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Bond giant PIMCO sees another wave of bank failures coming as commercial mortgage trouble mounts


An undated handout photo of Pimco's headquarters in Newport Beach, California. REUTERS/Pimco/Handoutpimco

Thomson Reuters

  • “The real wave of distress is just starting” for commercial property debt, Pimco’s John Murray told Bloomberg.
  • He warned that bank failures could jump amid high exposure to commercial property loans.
  • Bigger banks and non-bank debt funds should also be areas to watch. 

A “very high” concentration of distressed commercial real estate loans will be drive another spate of bank failures, Pimco’s global head of real estate, John Murray, told Bloomberg.

“The real wave of distress is just starting,” Murray said.

Ever since interest rates spiked two years ago, heavy attention has been paid to commercial real estate as doubt grows over property owners’ ability to refinance debt.

Defaults have risen across the sector amid higher borrowing costs and slumping demand, with the latter especially true for office buildings, which have struggled against remote work trends.

This week, Fitch Ratings revised its office delinquency forecasts up to 8.4% and 11% for 2024 and 2025, respectively.

The main lenders to the sector have been mid-sized regional banks, and worries of fallout have intensified on Wall Street. According to Bloomberg, regional lenders who jumped into real estate have watched assets fall to a fraction of their peak value.

“As stressed loans grow due to maturities, however, we expect that banks will start selling these more challenged loans to reduce their troubled loan exposures,” Murray said, adding that Pimco has loaded up on the loans being sold off by other institutions.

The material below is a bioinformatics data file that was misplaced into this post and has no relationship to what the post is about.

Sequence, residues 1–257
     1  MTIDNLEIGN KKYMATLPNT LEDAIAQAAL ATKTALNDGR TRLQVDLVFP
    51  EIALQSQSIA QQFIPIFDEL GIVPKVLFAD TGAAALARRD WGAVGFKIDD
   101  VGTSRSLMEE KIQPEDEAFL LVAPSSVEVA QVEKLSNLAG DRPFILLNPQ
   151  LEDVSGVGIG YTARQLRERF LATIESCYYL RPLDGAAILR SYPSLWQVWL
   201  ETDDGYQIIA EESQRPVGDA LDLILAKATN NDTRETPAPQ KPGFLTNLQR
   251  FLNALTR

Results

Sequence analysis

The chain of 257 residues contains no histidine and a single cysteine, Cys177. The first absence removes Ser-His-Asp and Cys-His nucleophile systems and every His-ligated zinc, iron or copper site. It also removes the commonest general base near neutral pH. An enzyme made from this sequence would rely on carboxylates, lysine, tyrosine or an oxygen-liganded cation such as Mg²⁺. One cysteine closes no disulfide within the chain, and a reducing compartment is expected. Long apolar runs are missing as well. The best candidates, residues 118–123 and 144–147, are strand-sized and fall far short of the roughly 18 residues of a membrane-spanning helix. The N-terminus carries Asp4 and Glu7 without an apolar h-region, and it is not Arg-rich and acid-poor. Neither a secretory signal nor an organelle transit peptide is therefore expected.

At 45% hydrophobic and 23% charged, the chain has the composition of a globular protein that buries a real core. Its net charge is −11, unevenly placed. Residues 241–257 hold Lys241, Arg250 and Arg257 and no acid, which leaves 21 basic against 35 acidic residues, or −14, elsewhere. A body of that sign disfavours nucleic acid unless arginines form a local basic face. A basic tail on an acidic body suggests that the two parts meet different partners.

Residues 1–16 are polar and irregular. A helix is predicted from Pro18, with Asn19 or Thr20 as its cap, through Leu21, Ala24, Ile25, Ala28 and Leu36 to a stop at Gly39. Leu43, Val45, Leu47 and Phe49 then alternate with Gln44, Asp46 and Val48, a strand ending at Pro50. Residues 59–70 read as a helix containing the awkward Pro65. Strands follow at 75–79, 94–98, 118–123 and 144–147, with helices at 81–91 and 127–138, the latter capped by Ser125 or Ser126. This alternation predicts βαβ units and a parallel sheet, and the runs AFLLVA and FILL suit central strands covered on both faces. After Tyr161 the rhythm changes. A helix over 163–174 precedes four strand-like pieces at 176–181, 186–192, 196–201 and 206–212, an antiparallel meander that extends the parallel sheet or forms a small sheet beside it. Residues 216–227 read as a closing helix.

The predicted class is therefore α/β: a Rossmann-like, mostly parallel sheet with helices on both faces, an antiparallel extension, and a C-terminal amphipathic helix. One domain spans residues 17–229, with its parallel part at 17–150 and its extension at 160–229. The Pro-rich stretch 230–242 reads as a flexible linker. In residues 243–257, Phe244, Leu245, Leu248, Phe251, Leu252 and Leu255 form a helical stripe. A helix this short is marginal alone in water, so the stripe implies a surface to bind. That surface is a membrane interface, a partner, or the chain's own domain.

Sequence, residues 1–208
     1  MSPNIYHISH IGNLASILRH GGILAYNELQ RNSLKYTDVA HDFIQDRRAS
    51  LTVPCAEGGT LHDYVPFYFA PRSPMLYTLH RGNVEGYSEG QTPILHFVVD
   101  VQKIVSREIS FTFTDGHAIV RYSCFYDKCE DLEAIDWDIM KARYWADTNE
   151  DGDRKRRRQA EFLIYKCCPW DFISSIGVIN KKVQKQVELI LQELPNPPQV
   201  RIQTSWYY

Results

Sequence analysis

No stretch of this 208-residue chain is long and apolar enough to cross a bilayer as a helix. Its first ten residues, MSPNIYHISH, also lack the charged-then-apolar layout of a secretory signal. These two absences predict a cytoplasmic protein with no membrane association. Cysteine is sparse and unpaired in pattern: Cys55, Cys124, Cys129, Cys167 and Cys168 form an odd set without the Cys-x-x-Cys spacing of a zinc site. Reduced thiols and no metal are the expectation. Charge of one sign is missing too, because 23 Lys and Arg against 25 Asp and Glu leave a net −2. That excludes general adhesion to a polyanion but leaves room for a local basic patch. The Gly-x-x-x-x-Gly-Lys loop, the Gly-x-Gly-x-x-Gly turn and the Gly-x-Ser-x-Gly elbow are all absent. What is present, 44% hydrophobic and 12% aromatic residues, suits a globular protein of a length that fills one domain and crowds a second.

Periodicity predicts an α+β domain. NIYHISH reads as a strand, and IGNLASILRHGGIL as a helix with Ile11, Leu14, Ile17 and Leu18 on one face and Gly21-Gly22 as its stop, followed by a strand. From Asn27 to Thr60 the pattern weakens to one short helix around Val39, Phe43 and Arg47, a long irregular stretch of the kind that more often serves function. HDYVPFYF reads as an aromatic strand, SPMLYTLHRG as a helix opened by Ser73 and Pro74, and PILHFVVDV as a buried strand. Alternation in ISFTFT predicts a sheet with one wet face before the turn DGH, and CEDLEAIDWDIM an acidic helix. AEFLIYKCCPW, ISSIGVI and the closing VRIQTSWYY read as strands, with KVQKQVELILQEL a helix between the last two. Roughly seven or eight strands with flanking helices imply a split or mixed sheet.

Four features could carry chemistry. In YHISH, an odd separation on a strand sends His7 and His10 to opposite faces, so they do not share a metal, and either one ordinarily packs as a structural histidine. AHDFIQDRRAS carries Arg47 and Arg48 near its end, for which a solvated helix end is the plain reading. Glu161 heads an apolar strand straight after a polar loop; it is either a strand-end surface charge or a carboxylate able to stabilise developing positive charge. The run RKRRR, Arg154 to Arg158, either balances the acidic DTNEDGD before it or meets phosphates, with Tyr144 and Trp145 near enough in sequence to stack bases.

The distress is already apparent in markets. Early this month, shares of Axos Financial fell 15% after a short seller targeted the bank’s commercial real estate loan exposure. New York Community Bancorp plummeted in February after its unexpected quarterly loss was partially tied to exposure to the property market.

Meanwhile, major dealers benefit from some protection, given post-2008 regulation that limits their CRE lending capacity, Murray told Bloomberg. But even with guardrails in place, bigger lenders are pulling away from the industry, amid the rise in defaults, he noted.

At the same time, a study recently outlined that big banks may be more exposed to a potential meltdown than typically understood, given indirect lending via credit lines to real estate investment trusts. These funds are also shaking under the weight of the property sector, as REIT investors are quickly pulling out.

Murray added that non-bank US debt funds are also an issue, given that they’re responsible for over $200 billion in loans that are set to mature next year.

Read the original article on Business Insider